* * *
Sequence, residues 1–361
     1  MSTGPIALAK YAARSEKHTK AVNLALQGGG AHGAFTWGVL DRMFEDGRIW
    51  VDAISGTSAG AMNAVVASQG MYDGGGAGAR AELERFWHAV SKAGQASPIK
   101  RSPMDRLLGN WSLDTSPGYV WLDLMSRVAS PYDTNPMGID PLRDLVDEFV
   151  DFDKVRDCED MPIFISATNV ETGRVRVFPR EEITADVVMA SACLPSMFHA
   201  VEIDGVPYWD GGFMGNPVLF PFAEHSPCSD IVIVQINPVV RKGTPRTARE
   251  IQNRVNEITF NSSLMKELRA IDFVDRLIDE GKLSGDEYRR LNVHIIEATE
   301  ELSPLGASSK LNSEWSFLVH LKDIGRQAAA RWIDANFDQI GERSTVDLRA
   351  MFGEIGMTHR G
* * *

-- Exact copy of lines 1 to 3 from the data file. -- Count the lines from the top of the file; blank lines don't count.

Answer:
Sequence, residues 1–361
     1  MSTGPIALAK YAARSEKHTK AVNLALQGGG AHGAFTWGVL DRMFEDGRIW
    51  VDAISGTSAG AMNAVVASQG MYDGGGAGAR AELERFWHAV SKAGQASPIK